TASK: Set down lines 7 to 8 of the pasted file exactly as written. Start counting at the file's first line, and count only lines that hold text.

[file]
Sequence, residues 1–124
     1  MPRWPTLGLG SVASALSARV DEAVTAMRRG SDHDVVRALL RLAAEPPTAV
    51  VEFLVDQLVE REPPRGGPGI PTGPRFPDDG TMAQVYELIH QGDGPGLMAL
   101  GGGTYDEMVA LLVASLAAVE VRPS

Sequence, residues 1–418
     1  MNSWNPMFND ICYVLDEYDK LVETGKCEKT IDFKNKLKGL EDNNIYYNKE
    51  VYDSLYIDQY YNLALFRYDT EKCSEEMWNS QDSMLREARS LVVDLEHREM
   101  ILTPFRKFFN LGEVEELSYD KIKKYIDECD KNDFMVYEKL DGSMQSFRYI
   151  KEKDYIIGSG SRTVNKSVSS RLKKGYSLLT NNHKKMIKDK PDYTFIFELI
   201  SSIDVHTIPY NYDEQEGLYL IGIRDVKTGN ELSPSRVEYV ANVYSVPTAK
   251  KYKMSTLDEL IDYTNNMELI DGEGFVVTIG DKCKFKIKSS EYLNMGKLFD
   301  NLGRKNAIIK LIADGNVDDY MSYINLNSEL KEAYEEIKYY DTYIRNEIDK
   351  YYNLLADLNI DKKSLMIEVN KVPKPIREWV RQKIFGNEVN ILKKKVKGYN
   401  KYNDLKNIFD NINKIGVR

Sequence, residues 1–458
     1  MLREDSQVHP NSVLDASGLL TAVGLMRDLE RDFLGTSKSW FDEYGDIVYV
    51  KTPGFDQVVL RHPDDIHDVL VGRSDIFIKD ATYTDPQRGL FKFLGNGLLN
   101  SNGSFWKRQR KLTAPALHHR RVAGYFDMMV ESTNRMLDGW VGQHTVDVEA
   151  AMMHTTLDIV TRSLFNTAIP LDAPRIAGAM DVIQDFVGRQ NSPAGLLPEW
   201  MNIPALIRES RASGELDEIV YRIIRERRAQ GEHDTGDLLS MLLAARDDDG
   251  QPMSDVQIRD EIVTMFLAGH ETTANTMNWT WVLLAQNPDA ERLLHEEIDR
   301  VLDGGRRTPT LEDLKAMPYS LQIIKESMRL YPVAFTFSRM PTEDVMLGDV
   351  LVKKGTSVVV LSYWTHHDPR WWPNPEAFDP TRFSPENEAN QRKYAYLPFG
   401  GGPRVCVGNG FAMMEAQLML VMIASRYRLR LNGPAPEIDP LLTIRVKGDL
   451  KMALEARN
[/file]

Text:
    51  VYDSLYIDQY YNLALFRYDT EKCSEEMWNS QDSMLREARS LVVDLEHREM
   101  ILTPFRKFFN LGEVEELSYD KIKKYIDECD KNDFMVYEKL DGSMQSFRYI